Volkswagen to acquire International Truck parent Navistar for $3.7 billion

user-gravatar Headshot
Updated Feb 10, 2021

International Nevada 2018 0988

After nearly 10 months on the table, and with mutual interest surviving a global pandemic that saw truck orders slump to record lows for two consecutive months, Volkwagen’s commercial truck business, Traton, is set to acquire Navistar for nearly $3.7 billion.

After sitting on an offer of $43 per share for more than a month, Navistar Friday morning countered an expiring “take it or leave it” letter from Traton with a higher asking price of $44.50. The figure put forward by the maker of International Trucks came with the support of the company’s two largest stakeholders: Carl Icahn and MHR Fund Management LLC.

A buck-fifty doesn’t sound like a lot, but when you own almost 17 million shares I guess it doesn’t hurt to ask.

“We are pleased to have reached agreement in principle for a transaction after intensive negotiations with Navistar,” Traton CEO Matthias Gründler said via statement Friday afternoon. “We are looking forward to completing our due diligence and obtaining the necessary approvals in respect of this exciting deal in order to welcome the new Traton family member.”

Navistar and Traton partnered in a procurement joint venture and strategic technology and supply collaboration in 2016, beefing up both companies’ ability to scale globally. Traton also took a 16.8% stake in the Lisle, Illinois truck maker in the tie-up. Dialogue between Navistar and Volkswagen – which also operates the MAN and Scania business units in Europe and abroad – began in 2015 on opportunities to synergize and strengthen each company, culminating in Volkswagen’s investment.

Navistar and Traton are also entangled in some of their business interests. Each holds a minority position in self-driving tech company TuSimple. Traton, as part of the partnership, was slated to develop self-driving trucks for the European market. Navistar was to co-develop SAE Level 4 self-driving trucks targeted for production by 2024.

Business today is very worldwide.

There is still a lot of value in “made in America,” but, truthfully, global engineering makes products and technology better. Navistar was the last holdout to formalize its global footprint and, frankly, it’s impressive that Navistar – as a standalone trucking entity – was able to remain independent for as long as it did. Sure, it forged partnerships with the likes of Ford and, prior to its ownership stake, Volkswagen, but it always lacked the weave of a multi-national blanket that was so prevalent among its peers.

Partner Insights
Information to advance your business from industry suppliers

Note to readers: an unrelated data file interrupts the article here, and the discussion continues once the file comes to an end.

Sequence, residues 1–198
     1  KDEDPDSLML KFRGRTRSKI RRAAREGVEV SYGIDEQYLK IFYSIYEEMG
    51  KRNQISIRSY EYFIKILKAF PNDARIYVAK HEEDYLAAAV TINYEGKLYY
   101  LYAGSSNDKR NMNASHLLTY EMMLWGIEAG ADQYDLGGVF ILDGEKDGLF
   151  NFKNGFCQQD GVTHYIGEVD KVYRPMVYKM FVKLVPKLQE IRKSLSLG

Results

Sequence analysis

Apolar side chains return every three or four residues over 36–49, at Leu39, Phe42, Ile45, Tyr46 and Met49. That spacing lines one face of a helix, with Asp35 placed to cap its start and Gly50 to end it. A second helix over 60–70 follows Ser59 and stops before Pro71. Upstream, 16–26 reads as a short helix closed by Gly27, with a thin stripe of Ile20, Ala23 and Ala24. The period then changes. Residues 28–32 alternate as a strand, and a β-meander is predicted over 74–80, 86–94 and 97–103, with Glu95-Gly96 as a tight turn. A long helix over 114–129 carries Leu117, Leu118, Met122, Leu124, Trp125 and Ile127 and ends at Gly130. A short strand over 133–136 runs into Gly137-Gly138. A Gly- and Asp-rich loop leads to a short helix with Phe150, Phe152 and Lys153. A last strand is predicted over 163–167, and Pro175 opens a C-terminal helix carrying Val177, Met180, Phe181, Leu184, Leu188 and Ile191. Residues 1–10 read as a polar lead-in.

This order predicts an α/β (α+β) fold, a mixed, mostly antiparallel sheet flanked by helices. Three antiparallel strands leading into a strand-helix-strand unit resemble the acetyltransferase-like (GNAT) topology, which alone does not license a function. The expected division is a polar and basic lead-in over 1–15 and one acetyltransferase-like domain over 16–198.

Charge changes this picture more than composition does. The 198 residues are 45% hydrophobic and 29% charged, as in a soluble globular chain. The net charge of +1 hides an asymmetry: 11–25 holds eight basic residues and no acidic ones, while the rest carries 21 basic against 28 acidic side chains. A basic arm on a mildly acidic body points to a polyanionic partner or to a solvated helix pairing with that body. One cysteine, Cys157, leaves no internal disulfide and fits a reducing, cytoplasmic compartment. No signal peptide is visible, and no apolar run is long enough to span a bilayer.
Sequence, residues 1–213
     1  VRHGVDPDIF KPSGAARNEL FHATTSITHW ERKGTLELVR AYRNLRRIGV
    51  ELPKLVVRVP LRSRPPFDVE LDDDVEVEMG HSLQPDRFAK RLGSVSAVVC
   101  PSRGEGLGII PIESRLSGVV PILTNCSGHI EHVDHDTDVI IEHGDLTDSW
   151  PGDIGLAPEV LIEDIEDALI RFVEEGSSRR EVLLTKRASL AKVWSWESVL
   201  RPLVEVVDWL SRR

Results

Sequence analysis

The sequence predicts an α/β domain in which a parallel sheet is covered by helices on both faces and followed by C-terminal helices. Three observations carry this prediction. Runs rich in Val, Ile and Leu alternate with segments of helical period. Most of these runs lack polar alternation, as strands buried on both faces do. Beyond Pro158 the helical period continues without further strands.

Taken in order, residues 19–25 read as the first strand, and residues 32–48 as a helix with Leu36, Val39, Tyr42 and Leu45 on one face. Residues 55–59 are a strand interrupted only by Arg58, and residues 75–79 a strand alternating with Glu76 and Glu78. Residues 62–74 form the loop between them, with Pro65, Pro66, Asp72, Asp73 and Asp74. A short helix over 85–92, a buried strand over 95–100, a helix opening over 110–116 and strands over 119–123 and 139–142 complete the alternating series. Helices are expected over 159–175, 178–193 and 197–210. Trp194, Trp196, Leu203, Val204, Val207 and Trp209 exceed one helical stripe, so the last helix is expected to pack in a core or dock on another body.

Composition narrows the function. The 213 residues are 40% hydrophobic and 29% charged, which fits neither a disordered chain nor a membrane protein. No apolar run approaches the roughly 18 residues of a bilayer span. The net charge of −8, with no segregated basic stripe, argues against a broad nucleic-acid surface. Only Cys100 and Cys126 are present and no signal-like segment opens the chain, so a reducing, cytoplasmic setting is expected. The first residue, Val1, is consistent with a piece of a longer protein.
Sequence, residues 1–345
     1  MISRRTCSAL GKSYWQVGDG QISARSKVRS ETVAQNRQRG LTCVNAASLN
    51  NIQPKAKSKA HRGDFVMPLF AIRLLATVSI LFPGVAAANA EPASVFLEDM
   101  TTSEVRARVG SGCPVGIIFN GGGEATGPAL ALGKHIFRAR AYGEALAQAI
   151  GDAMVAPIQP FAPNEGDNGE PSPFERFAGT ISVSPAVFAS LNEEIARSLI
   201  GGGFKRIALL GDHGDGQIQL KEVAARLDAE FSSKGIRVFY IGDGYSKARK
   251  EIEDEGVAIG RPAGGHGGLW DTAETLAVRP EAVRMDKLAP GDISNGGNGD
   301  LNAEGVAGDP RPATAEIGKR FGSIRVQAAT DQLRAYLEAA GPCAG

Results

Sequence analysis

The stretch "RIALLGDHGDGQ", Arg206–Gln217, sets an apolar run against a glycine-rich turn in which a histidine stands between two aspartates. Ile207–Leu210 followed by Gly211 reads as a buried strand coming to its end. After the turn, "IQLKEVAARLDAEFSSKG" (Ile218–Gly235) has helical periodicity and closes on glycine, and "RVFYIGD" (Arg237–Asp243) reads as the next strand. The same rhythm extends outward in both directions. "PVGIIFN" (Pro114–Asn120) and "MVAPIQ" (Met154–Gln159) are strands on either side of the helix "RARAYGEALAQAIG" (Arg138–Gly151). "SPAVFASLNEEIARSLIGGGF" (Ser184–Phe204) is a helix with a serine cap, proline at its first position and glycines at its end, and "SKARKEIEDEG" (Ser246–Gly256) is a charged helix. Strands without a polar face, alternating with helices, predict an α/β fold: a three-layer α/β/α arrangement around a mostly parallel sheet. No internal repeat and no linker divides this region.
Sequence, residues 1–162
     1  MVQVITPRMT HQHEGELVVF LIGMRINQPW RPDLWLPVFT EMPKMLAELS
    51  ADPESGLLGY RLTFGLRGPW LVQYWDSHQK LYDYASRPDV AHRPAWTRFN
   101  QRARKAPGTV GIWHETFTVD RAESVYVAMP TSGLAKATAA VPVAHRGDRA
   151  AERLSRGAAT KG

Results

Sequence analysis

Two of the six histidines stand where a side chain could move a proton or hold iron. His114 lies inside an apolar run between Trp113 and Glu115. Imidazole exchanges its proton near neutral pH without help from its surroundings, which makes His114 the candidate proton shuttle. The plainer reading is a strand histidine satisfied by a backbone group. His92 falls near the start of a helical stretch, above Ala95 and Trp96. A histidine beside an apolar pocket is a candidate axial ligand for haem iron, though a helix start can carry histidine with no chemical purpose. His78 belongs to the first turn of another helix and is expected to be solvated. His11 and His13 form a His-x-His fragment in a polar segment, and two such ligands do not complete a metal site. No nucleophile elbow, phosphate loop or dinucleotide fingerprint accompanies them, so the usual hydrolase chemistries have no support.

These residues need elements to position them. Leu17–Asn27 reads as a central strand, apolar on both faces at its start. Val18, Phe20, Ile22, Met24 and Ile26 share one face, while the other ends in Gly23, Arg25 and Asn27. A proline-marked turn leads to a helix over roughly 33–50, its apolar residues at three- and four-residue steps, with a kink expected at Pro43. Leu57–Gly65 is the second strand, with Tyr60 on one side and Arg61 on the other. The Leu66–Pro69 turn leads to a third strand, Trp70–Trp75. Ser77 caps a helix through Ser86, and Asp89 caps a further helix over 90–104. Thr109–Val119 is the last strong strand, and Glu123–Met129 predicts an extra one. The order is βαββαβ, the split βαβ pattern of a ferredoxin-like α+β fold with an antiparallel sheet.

How High Fuel Prices hurt Your Business
Presented by EquipmentWatch
Selecting the Correct Construction Tire Solution
Presented by Michelin North America
8 Crucial Elements of a Tire Safety Program
Presented by Michelin North America

You can find DAF influences under the hood of Peterbilt and Kenworth trucks in MX engines, and Volvo’s universal safety and technology fingerprints are all over its stateside tractors. However, even with rich global influence, the brands themselves retain much of their ingrained independence. Mack is able to leverage technical expertise throughout the Volvo network but it’s distinctly its own thing. Mack is Mack, Volvo is Volvo and while they compete on the highway, both are better off for having each other.

Gründler said at Traton’s Annual General Meeting in Munich earlier this month (pre-buyout) that the company plans to give its brands more individual responsibility and freedom, inferring that International Trucks will continue to be its own thing but with deeper roots of support around the world.

Despite their melting pot of influence, Kenworth, Peterbilt, Mack, Volvo, Freightliner and International are all uniquely American brands and “made in the U.S.A.” Hundreds of international businesses have American divisions producing American goods by American employees for American consumers. In this case, it happens to be trucks.

Traton’s impending marriage to Navistar will enable the full vertical integration of International Trucks. International was already producing more than capable, advanced and sophisticated tractors, but there’s no denying the advantages that German-engineering can bring to the company. There’s a reason that “German engineering” is a point of emphasis on many automotive commercials. It’s largely seen as the standard bearer for precision.

But this is far from a one-way deal.

Volkswagen… err… Traton needs Navistar, too.

The global commercial vehicle market is expected to grow from $791.1 billion in 2019 to $815.3 billion in 2020 at a compound annual growth rate (CAGR) of 3.1%, according to Research and Markets, a low growth rate mainly spurred by economic slowdown due to the COVID-19 outbreak and the measures to contain it. The market is expected to recover and grow at a CAGR of 12% from 2021 and reach $1.1 trillion in 2023. North America was the largest region in the global commercial vehicle market, accounting for 65% in 2019.

Swallowing a 118-year-old U.S. truck manufacturer with an already expansive dealer network, a well-trained pool of parts and service technicians and a healthy customer base was always going to be the best way for Traton to crack the North American market.

This is exciting news for the trucking industry and especially for guys like me, who are eventually allowed to test drive new and innovative technologies and powertrains. As bad as this year has been on many levels, things are finally looking up.